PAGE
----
NAS devices are basically bare-bones designed for the sole purpose of storing, sending and receiving data files. While they may not function well in database applications due to their inherent file orientation, NAS can free up expensive application servers and handle simple file storage. Your server functions as a gateway to the NAS device, the sole function of which revolves around data storage and delivery. This significantly alleviates the day-to-day connectivity bottlenecks that IS managers must deal with. There are a number of new storage and processing devices available to meet almost any need. As with any technology purchase, attention must be given to fit the tool to the required job. With bundled operating systems and practical plug and play upgrade functions, NAS will certainly continue to play a role.
In time, SANs will end up being at the heart of every data center. They will allow companies to manage their data storage requirements from a centralized point, providing information to various servers that may be running any number of operating systems. At the present time however, there are some shortcomings to SANs, namely a lack of manageability, fault tolerance limitations and truly specialized applications for SANs. SAN technology provides an improvement over SCSI interconnects with increased bandwidth capabilities and network architecture and interconnect flexibility. Thanks to fiber channel hub connections, SAN can bind a variety of hardware products and storage devices together in a LAN or WAN infrastructure.
This latest technological advancement should be viewed for the time being with cautious optimism. One concern is the void in software and hardware components designed to optimize SAN potential. This, coupled with interoperability with legacy systems and storage devices, should give one a reason to pause. But we should soon begin seeing Fiber Channel/SCSI bridge products in the market place to help ease the shift to SAN architecture and fill the present need. While SANs offer potentially the most efficient and flexible future solution to network design, NAS is totally operational and can provide a viable solution for many organizations right now.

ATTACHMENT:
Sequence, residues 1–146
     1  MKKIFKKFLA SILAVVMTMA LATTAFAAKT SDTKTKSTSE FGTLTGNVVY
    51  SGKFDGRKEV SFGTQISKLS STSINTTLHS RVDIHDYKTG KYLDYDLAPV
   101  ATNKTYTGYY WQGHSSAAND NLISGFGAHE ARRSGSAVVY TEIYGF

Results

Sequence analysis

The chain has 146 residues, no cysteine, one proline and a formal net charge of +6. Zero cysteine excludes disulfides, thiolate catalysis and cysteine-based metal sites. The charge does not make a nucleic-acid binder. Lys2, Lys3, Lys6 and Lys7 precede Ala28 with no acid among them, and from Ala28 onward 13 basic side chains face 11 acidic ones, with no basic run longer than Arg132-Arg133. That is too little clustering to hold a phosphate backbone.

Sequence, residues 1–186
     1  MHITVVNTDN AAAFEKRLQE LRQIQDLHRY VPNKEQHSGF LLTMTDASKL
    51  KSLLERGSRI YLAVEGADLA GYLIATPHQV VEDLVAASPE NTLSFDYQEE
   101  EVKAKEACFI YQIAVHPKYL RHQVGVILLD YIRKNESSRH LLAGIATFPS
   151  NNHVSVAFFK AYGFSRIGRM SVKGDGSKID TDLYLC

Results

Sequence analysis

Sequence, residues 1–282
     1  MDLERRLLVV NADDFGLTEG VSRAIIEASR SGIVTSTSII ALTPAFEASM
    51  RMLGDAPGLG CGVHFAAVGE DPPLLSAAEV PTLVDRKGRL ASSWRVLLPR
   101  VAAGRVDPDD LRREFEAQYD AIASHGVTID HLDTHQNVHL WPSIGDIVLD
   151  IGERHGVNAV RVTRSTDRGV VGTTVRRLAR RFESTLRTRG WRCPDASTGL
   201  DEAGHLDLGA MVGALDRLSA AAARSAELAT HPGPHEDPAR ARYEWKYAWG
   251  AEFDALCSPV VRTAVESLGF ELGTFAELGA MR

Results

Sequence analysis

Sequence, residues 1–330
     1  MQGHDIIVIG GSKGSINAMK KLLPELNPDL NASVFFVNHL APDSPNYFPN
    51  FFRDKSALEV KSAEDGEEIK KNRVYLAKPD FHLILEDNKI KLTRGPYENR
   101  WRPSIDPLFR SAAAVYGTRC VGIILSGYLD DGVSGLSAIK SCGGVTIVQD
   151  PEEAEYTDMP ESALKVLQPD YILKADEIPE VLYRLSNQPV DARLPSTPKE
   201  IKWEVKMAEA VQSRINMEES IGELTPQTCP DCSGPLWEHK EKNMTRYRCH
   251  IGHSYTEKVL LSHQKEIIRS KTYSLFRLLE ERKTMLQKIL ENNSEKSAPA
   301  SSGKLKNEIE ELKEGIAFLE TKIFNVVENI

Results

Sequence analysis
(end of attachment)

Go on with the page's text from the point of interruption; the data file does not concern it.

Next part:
The technology market is maturing before our eyes. The debate over mainframe, server or desktop system is quickly disappearing as the reality of specific network configurations and benefits become clear. Invariably, the IS department of the future will contain some or all of the above listed arrangements depending solely upon application. A blend of available technologies and network architectures will be used across the board to answer specific needs. The demand for increased data storage overall continues to grow at exponential rates. The need to identify and segment critical information for backup and recovery purposes is becoming even more important and must be considered by contingency planners and disaster recovery professionals when considering future Disaster Recovery plans.
It is important to note that solutions and technology jumps in computers and communications are occurring at phenomenally increasing speeds, with 6 months equaling what used to be 3 to 5 years—and it is escalating daily. For this reason, it is imperative that contingency planners, disaster recovery and risk managers be prepared to implement new technologies to help mitigate the built-in dependence on previous computer technology and the inherent risk that lies therein. With the lowering of hardware and communications costs, together with increased security, bandwidth expansion, channel extension technology coupled with the reliability of high speed fiber connections, remote mirroring and electronic data vaulting are viable solutions in the NAS and SAN network architecture world of the coming years.
Although both hardware and software are becoming more specialized and application dependent, it has become imperative that management throughout an organization be technologically savvy. Management must be aware how new technology in these areas can impact and help their specific area of responsibility. With the proliferation and implementation of fiber connects throughout network architecture Virtual Private Networks (VPNs), with Virtual Wide Area Networks (VWAN), connectivity is just around the corner. The disaster recovery planning process for the coming millennium must realize this reality and incorporate it as soon as possible if it is to succeed.
G.J. Pierman is the COO of TiTAN World Class Safe Site, the worlds premier safe site for sophisticated data storage, vaulting, Y2K testing, disaster recovery and advanced telecommunications networking.